and XP; and a moderate rating for Windows Server 2003. This threat has
been assigned the Mitre designation CAN-2005-0053.
- MS05-004, according to Microsoft,
“only affects sites which require authenticated access.”
- MS05-005 can only be exploited if
the user can be persuaded to open a malicious link. This would not occur
automatically unless default settings were altered.
- MS05-006 has a few rather complex
mitigating circumstances; see the bulletin for details.
- MS05-007 is mitigated by best
firewall practices and the fact that the vulnerable Computer Browser
service does not run by default on XP SP2 systems.
- MS05-008 is mitigated by the fact
that most recent and patched versions of Outlook and Outlook Express open
HTML e-mails in the Restricted security zone.
Fix – Apply patches
- MS05-004 can be mitigated by
applying the mitigation code module described in Microsoft Knowledge Base
article 887289 as a
workaround. For other workarounds see the bulletin.
- MS05-005 has a simple workaround
to reduce the threat. In the Tools menu, choose Folder Options | File
Types | Advanced and check Confirm Open After Download. Uncheck Browse In
Same Window, and users will be prompted before code is run. This doesn’t
prevent the user from running it anyway, just prevents automatic
- MS05-006 doesn’t have any
workaround identified by Microsoft.
- MS05-007 can be mitigated using
the Microsoft recommended workaround of disabling the Computer Browser
service. Also, blocking TCP ports 139 and 455 in the firewall will block
attempts by the affected protocol to make a connection. Using the Internet
Connection Firewall, do not enable “File and Printer Sharing for Microsoft
- MS05-008 can be mitigated by
setting your browser to prompt before running ActiveX controls and
plug-ins. You should also set Internet and Local intranet security
settings to High. You can also disable “Drag and Drop or copy and paste
files” in Internet Explorer.
The threats covered by these bulletins are relatively minor,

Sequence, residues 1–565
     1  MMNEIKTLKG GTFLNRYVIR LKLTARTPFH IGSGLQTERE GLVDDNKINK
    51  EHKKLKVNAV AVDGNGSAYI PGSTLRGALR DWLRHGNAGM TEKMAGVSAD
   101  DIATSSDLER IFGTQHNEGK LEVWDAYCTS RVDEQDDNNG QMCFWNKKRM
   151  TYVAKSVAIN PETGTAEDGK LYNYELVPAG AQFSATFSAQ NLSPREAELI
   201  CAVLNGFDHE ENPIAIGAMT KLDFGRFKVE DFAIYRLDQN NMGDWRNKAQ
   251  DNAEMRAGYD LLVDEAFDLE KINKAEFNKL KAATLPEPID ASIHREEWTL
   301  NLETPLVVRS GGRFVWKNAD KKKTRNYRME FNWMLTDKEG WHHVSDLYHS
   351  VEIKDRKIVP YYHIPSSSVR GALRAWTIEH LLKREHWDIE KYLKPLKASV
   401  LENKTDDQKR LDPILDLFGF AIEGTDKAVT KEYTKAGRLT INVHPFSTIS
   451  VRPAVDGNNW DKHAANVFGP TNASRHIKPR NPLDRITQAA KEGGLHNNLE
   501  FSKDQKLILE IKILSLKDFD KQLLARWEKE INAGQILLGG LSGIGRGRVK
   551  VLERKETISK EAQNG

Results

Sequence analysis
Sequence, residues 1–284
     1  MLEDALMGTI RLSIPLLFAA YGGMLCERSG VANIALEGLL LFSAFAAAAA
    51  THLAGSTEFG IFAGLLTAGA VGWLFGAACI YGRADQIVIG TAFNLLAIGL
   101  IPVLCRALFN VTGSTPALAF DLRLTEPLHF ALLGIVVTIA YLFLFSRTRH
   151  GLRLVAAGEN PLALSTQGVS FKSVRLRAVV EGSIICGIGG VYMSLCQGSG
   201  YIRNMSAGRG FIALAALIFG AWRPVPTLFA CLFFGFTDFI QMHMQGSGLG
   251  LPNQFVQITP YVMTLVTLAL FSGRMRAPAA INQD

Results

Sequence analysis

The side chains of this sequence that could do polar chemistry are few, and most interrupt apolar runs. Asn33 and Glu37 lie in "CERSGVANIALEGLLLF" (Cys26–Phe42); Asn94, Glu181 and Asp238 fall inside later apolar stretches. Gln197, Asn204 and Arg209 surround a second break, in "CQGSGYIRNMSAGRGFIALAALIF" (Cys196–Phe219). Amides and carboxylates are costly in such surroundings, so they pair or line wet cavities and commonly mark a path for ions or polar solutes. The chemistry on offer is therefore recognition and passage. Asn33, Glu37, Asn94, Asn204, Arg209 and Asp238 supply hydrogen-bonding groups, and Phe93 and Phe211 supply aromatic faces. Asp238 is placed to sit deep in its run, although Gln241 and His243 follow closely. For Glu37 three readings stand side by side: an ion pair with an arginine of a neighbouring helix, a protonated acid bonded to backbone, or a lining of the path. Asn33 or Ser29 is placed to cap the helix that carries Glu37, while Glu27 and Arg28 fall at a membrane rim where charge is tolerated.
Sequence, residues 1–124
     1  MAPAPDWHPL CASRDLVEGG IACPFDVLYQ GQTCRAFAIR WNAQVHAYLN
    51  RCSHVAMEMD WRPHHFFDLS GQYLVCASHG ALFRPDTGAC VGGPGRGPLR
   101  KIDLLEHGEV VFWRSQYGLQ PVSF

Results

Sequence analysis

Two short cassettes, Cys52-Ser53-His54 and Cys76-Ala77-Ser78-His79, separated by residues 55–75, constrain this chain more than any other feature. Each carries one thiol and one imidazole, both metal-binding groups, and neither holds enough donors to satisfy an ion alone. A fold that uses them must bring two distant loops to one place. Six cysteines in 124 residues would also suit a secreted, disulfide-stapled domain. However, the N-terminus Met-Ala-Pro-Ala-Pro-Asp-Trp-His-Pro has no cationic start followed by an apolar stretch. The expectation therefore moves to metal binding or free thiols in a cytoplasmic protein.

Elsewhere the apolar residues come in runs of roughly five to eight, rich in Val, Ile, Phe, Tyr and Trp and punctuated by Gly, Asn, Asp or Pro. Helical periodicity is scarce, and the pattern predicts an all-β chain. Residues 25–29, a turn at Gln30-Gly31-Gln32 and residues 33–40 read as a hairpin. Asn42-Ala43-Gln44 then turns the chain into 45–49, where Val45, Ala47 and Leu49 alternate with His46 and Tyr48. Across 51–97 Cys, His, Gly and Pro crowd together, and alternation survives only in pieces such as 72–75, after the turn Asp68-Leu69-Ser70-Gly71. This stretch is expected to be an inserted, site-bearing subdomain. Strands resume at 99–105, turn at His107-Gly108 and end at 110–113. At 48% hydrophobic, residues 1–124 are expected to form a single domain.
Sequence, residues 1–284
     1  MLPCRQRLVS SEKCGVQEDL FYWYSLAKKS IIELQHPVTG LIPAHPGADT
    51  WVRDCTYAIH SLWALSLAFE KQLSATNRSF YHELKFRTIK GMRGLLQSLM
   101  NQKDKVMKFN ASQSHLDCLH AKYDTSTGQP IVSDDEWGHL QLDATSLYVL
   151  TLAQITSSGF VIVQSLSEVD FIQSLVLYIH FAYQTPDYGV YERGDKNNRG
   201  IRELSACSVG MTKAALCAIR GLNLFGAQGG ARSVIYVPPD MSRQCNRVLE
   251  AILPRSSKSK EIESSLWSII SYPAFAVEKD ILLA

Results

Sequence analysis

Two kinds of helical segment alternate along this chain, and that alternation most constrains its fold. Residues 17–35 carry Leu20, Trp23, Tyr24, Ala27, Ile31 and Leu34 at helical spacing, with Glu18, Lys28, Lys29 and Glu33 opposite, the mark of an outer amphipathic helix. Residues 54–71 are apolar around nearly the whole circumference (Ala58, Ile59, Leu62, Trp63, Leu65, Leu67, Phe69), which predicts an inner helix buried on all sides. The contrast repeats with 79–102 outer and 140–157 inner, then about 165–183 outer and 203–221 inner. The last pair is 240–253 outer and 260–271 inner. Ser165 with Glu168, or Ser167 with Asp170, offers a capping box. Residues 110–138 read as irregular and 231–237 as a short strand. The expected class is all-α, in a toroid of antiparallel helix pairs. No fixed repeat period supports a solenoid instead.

even the one marked critical. Microsoft has introduced a new tool to assist
managers. Microsoft Knowledge
Base Article 984193 describes the Enterprise Update Scanning Tool.
Based on the discovery of the first Trojan to target the
software (see below) I have deleted Microsoft’s AntiSpyware beta from my
machine. Before you Microsoft bashers start cheering that yet another Microsoft
program carries hidden threats, check out the note below on Symantec security
This slew of critical and less-than-critical security
updates certainly doesn’t do anything to fix Microsoft’s image, but it’s
important to remember that virtually every other vendor has security problems
also. I only point that out because too many people seem to get dangerously
complacent if they avoid Microsoft products and the complacency simply isn’t
Also watch for …
of other antivirus companies took a hit recently as Microsoft’s announced
acquisition of small AV e-mail protection software vendor Sybari Software Inc.
caused everyone to recognize that the Redmond-based giant is serious about
getting into the AV business.
has announced the discovery of the first Trojan (BankAsh) that attacks
the new Microsoft AntiSpyware software which is still in beta.
- ISS-Xforce has discovered a number of high-risk vulnerabilities
in a wide range of Symantec security programs, including those for the
Macintosh platform. Symantec
has provided fixes for the UXP parsing engine overflow.